Background Two different Th2 subsets have been defined recently on the basis of IL-5 expression – an IL-5+Th2 subset and an IL-5−Th2 subset in the setting of allergy. However, the role of these newly described CD4+ T cells subpopulations has not been explored in other contexts. Methods To study the role of the Th2 subpopulation in a chronic, tissue invasive parasitic infection (lymphatic filariasis), we examined the frequency of IL-5+IL-4+IL-13+ CD4+ T cells and IL-5−IL-4 IL-13+ CD4+ T cells in asymptomatic, infected individuals (INF) and compared them to frequencies (Fo) in filarial-uninfected (UN) individuals and to those with filarial lymphedema (CP). Results INF individuals exhibited a significant increase in the spontaneously expressed and antigen-induced Fo of both Th2 subpopulations compared to the UN and CP. Interestingly, there was a positive correlation between the Fo of IL-5+Th2 cells and the absolute eosinophil and neutrophil counts; in addition there was a positive correlation between the frequency of the CD4+IL-5−Th2 subpopulation and the levels of parasite antigen – specific IgE and IgG4 in INF individuals. Moreover, blockade of IL-10 and/or TGFβ demonstrated that each of these 2 regulatory cytokines exert opposite effects on the different Th2 subsets. Finally, in those INF individuals cured of infection by anti-filarial therapy, there was a significantly decreased Fo of both Th2 subsets. Conclusions Our findings suggest that both IL-5+ and IL-5−Th2 cells play an important role in the regulation of immune responses in filarial infection and that these two Th2 subpopulations may be regulated by different cytokine-receptor mediated processes. PMID:24498448

  5. Nuclear Electricity. 5th Edition.

    ERIC Educational Resources Information Center

    Hore-Lacy, Ian

    Educators must address the need for young people to be informed about both the scientific concepts and the reasons for controversy when dealing with controversial issues. Young people must be given the opportunity to form their own opinions when presented with evidence for conflicting arguments. Previous editions of "Nuclear Electricity" have…

  6. Environmental chemistry. 5th edition

    SciTech Connect

    Manahan, S.E. . Dept. of Chemistry)

    1991-01-01

    This book is organized around several major sections: aquatic Chemistry, atmospheric chemistry, the geosphere and hazardous wastes, toxicological chemistry, and resources and energy. Specific topics discussed in the book include a general introduction to environment chemistry, basic principles of aquatic chemistry, water pollution and water treatment, the essential role of microorganisms in aquatic chemical phenomena, atmospheric chemistry, a discussion of major threats to the global atmosphere (particularly greenhouse gases and ozone-depleting chemicals), the geosphere and hazardous substances, soil chemistry, and the nature and sources of hazardous wastes. The environmental chemistry of hazardous wastes, their treatment, minimization, and recycling, and the effects of these hazardous substances in also presented.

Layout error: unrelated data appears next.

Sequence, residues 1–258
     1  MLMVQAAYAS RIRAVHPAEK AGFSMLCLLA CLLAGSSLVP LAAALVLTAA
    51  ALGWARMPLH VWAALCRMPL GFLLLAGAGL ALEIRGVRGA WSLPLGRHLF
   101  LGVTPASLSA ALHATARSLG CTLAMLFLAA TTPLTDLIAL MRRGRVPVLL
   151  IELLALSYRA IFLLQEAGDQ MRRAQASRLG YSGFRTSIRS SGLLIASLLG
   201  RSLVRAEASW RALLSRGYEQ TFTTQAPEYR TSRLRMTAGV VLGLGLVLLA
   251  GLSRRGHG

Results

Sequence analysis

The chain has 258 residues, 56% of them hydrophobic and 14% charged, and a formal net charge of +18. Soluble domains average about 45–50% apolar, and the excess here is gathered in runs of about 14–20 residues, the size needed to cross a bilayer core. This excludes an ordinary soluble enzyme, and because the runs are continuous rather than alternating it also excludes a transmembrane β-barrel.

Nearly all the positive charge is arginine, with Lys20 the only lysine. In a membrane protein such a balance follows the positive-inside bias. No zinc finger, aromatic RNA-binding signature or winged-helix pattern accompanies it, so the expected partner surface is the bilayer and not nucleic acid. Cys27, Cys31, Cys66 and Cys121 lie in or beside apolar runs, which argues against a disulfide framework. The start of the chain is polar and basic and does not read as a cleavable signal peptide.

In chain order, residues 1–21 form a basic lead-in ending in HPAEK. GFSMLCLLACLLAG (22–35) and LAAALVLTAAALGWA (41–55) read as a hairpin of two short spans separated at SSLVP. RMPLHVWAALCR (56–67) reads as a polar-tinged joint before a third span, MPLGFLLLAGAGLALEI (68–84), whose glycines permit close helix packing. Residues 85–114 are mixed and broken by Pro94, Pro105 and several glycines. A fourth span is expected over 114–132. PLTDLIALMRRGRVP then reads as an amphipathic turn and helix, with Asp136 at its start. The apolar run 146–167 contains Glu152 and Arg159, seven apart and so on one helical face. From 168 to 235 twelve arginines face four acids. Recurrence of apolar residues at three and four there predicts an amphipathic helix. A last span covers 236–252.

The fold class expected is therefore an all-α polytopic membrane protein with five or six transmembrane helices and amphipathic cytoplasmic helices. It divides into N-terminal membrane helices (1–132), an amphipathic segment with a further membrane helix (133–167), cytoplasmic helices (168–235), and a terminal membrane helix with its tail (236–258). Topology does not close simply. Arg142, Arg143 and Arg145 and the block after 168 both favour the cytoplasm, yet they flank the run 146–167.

7. COMPARISON OF ONCE-DAILY VERSUS TWICE-DAILY COMBINATION ANTIRETROVIRAL THERAPY IN TREATMENT-NAÏVE PATIENTS: RESULTS OF AIDS CLINICAL TRIALS GROUP (ACTG) A5073, A 48-WEEK RANDOMIZED CONTROLLED TRIAL

    PubMed Central

    Flexner, Charles; Tierney, Camlin; Gross, Robert; Andrade, Adriana; Lalama, Christina; Eshleman, Susan H.; Aberg, Judith; Sanne, Ian; Parsons, Teresa; Kashuba, Angela; Rosenkranz, Susan L.; Kmack, Anne; Ferguson, Elaine; Dehlinger, Marjorie; Mildvan, Donna

    2010-01-01

    Background Dosing frequency is an important determinant of regimen effectiveness. Methods To compare efficacy of once-daily (QD) versus twice-daily (BID) antiretroviral therapy, we randomized HIV-1 positive, treatment-naïve, patients to lopinavir/ritonavir (LPV/r) 400/100 mg BID (n=160) or LPV/r 800/200 mg QD (n=161), plus either emtricitabine 200 mg QD and extended-release stavudine (d4T-XR) 100 mg QD, or tenofovir 300 mg QD. Randomization was stratified by screening HIV-1 RNA week 48. Results Subjects were 78% male, 33% Hispanic, and 34% black. 82% of subjects completed the study, and 71% remained on initially assigned dose schedule. Probability of SVR did not differ significantly for the BID vs. QD comparison, with an absolute proportional difference (95% confidence interval [CI]) of 0.03 (−0.07, 0.12). The comparison depended on the screening RNA stratum (p=0.038); in the higher RNA stratum, the probability (95% CI) of SVR was significantly better in the BID arm: 0.89 (0.79, 0.94) compared to 0.76 (0.64, 0.84) in the QD arm; difference of 0.13 (0.01, 0.25). LPV trough plasma concentrations were higher with BID dosing. Adherence to prescribed doses of LPV/r was 90.6% in the QD arm versus 79.9% in the BID arm (p<0.001). Conclusions Although subjects assigned to QD regimens had better adherence, overall treatment outcomes were similar to the BID regimens. Subjects with HIV-1 RNA ≥100,000 copies/mL had better SVR on BID regimens at 48 weeks, suggesting a possible advantage in this setting for more frequent dosing. PMID:20192725

  8. Elective Delivery Before 39 Weeks

    MedlinePlus